In regard to "A Worn Path," what is the point of the story?
"A Worn Path" is essentially a love story, the story of Phoenix Jackson's love for her grandson. The little boy is never seen in the story, and some critics have suggested that he is no longer living, but both of these observations do nothing to diminish the power of the narrative. The point of the story is suggested by its title. Each time Phoenix makes the journey from her home in the country into town to get the medicine that relieves her grandson's suffering, she follows the same path. Even when her sight fails, she can follow the path; she has traveled it so many times it is worn into her memory.
Phoenix is very old and frail, and the path she follows is hard and dangerous. She climbs a hill; she crosses a creek by walking over it on a fallen log, carefully maintaining her balance. She climbs through fences and fights her way through briers. In the story, she makes her journey in the December cold. Each time Phoenix goes to town, she risks her life--out of love.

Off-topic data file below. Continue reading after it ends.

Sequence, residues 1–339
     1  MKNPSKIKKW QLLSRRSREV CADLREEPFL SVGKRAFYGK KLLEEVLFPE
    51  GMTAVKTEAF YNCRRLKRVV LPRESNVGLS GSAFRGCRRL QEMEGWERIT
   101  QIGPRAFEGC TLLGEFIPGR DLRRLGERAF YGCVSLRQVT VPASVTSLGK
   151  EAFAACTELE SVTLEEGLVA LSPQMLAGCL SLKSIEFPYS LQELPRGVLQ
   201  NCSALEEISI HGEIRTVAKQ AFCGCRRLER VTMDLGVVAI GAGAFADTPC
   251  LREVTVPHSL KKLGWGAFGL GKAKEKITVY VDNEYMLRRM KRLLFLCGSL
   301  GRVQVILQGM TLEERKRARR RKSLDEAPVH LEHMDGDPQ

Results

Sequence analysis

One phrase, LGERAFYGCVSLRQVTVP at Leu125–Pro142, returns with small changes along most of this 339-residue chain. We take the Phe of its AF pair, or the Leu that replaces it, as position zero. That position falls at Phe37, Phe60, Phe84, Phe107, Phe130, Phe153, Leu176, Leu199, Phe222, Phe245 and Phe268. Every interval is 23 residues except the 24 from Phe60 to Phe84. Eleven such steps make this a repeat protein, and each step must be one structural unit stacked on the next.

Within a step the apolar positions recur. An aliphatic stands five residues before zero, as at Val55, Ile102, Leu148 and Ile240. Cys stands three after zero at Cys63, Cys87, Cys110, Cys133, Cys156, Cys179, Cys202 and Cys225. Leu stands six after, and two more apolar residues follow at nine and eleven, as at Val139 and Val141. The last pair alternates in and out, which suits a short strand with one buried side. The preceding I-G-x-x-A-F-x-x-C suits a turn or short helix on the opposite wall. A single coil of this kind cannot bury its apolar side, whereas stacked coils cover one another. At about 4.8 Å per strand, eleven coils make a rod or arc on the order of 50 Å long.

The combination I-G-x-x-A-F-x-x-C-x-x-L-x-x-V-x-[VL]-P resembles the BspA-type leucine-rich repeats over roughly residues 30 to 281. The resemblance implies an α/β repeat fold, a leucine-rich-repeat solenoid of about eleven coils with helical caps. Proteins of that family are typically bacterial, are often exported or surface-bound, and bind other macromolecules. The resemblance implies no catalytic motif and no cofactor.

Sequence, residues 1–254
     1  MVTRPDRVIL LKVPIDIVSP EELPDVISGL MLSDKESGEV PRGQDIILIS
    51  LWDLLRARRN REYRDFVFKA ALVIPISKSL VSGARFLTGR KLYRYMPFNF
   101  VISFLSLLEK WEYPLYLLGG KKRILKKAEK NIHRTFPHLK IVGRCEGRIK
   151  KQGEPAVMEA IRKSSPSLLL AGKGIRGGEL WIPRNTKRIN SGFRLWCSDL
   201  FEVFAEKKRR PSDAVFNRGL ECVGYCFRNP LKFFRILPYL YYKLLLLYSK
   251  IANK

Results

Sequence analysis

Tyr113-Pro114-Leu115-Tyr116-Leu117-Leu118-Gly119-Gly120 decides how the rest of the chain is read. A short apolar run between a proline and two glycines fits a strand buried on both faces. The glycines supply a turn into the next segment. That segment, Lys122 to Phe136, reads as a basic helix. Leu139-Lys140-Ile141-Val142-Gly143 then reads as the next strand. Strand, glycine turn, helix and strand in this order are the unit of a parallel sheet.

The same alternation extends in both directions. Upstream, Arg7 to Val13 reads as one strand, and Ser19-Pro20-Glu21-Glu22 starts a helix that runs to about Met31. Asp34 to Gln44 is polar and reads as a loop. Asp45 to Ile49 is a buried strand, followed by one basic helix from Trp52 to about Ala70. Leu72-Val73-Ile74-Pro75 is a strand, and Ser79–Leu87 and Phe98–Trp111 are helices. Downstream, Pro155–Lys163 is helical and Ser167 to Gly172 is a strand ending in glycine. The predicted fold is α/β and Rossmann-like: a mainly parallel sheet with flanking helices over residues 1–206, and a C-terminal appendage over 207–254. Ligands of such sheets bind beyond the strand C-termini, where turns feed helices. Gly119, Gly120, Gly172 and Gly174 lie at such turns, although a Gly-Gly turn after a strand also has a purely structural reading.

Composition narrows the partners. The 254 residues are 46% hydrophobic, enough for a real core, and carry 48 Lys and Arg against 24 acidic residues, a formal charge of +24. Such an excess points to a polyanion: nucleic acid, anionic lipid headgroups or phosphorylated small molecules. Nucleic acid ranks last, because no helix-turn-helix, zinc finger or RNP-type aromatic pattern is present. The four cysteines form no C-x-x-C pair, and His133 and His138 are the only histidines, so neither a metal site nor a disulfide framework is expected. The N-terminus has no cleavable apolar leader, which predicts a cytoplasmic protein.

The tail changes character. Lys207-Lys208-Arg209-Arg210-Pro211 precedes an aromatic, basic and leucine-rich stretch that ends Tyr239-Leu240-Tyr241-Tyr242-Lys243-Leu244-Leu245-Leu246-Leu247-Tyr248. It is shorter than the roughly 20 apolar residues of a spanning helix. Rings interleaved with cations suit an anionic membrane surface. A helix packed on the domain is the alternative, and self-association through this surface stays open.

When she arrives in town, Phoenix endures the humiliation of racism to get the medicine, and she also brings herself to ask for pennies to add to the nickel she had already stolen from a hunter on the road. Phoenix had felt bad when she slyly took the nickel:
God watching me the whole time. I come to stealing.
A woman of great pride, Phoenix would not have stolen or later asked for money for herself. The money is not for her. At the story's conclusion, she uses the nickel and the pennies to buy a little toy for her grandson, imagining his joy at receiving it.
The point of the story, its theme, is to create a portrait of love in the person of Phoenix Jackson. Phoenix's love for her grandson is fierce, tender, and unselfish. Her willingness to risk her life so that the boy won't suffer, her willingness to beg and steal for him, and her courage in overcoming all obstacles in her path, both literal and figurative, make the story a moving statement about the power and the beauty of love.